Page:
Reinforcement learning (q, ) assumes that an agent interacts with an environment. The environment tells the agent its current state, , and a set of potential actions the agent may perform. The agent selects an action , and the environment gives the agent a reward based on that action. The environment additionally gives the agent a new state and a new action set . This process repeats until the agent reaches a terminal state, where no more actions are available. This marks the end of an episode, after which a new episode begins. The agent’s goal is to maximize its reward over episodes by learning from its experience (previous actions, states, and rewards). This is achieved by balancing the exploration of new never-before-tried actions with the exploitation of knowledge collected from past actions.

One of the key challenges in applying reinforcement learning to a particular domain is “massaging” the problem into these terms (i.e., designing its actions, states, and rewards). Once formalized in this way, reinforcement learning techniques aim to improve upon an initially random policy, a function that selects an action in a given state. In DRL (ppo, ; dqn, ), this policy is represented as a neural network (dnn, ), and it is improved by adjusting the weights of the network based on the reward signal from the environment.

Figure 1. ReJOIN example
ReJOIN: DRL-based Join Enumeration

Recently, we introduced ReJOIN (rejoin, ), a DRL-based join enumerator. While ReJOIN focused exclusively on join order enumeration (it did not perform operator or index selection), it represents an example of how query optimization may be framed in the terms of reinforment learning.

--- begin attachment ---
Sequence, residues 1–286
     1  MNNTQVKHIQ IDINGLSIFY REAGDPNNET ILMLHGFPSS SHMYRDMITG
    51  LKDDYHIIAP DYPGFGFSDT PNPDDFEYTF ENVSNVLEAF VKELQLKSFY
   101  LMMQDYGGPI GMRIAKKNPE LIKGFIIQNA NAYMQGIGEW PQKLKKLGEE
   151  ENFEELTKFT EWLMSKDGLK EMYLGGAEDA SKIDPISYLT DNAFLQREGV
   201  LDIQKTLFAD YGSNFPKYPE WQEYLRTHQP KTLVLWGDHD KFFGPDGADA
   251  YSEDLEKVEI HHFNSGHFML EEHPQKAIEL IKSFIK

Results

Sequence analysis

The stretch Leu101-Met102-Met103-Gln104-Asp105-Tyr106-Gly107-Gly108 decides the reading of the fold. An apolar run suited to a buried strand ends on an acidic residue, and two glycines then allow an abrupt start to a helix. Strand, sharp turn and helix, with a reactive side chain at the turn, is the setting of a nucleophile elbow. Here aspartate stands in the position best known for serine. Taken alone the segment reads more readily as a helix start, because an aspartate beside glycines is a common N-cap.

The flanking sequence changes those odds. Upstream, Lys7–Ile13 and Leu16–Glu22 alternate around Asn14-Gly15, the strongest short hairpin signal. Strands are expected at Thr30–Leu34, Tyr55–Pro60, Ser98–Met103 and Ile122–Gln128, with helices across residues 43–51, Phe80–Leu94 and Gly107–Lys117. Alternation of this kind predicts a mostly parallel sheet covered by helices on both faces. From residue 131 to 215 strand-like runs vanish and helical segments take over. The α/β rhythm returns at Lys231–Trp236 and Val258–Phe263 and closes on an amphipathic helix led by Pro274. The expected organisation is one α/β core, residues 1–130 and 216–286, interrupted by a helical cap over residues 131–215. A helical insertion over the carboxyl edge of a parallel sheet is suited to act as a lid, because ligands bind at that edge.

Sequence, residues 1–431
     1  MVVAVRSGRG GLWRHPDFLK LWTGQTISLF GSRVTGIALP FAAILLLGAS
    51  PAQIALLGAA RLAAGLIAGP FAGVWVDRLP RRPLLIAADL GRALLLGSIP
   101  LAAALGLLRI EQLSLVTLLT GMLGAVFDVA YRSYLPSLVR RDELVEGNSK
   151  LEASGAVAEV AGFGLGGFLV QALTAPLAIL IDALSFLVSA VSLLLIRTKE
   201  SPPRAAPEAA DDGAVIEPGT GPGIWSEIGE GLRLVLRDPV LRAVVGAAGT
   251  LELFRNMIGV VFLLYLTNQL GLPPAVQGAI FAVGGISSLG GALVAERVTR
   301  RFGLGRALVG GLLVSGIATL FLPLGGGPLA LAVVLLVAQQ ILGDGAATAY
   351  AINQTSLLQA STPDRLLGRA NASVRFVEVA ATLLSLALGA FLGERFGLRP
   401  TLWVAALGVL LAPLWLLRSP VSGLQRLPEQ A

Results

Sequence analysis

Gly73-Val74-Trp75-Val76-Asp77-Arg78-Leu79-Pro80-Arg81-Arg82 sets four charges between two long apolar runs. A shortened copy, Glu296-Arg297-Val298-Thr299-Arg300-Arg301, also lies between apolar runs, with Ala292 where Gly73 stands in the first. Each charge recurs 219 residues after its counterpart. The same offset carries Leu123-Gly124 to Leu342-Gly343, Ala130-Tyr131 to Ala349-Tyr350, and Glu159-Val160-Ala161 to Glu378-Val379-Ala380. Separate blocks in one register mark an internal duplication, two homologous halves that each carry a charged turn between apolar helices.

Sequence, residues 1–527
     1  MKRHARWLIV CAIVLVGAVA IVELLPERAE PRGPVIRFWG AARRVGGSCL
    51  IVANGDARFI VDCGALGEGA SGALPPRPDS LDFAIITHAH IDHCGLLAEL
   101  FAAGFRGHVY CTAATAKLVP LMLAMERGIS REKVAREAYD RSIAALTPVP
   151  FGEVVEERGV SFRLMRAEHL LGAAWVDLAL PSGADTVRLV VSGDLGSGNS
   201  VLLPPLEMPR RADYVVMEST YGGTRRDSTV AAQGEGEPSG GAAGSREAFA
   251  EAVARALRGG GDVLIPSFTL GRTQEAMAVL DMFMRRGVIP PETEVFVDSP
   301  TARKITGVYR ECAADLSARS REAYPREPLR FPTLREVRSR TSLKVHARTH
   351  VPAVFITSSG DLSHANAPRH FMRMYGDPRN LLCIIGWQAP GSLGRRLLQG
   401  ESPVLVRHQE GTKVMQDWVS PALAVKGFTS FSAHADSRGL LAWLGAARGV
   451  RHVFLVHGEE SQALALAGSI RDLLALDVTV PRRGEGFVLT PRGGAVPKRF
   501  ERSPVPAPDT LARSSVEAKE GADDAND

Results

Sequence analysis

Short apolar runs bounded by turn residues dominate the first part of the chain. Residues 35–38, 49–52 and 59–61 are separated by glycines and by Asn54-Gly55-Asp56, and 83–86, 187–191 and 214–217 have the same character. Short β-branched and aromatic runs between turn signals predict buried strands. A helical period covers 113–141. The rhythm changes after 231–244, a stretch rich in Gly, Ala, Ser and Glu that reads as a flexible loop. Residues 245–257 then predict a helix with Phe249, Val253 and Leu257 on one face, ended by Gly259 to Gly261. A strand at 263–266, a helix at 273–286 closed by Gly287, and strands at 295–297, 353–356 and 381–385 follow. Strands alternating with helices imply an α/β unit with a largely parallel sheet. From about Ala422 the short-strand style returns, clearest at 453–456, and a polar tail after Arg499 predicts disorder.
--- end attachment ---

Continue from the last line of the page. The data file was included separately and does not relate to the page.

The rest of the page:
ReJOIN performs join ordering in a bottom-up fashion, modeling the problem in the terms of reinforcement learning. Figure 1 shows an example of this process. Each of the relations in the SQL query are initially treated as subtrees. At each step, the set of possible actions contains every possible pair of subtrees. For example, in Figure 1, ReJOIN selects the action [1,3], so relations and are joined. The reward for this action is determined by a DBMS’ optimizer cost model. At the next step, ReJOIN selects the action [2, 3], so relations and are joined. Finally, the action [1, 2] is selected, and the and subtrees are joined. The resulting state of the system is a terminal state, as no more actions can be selected. The resulting join ordering is sent to a traditional query optimizer, and the optimizer’s cost model is used to determine the quality of the join ordering (the reward).

Our analysis of ReJOIN (rejoin, ) yielded interesting conclusions:

  1. While ReJOIN is eventually able to learn a join ordering policy that outperforms PostgreSQL (both in terms of optimizer cost and query latency), doing so requires a substantial, but not prohibitive, training overhead.

  2. ReJOIN’s use of a traditional query optimizer’s cost model as a reward signal allowed for join orderings to be evaluated quickly. ReJOIN depended on the existance of a well-tuned cost model.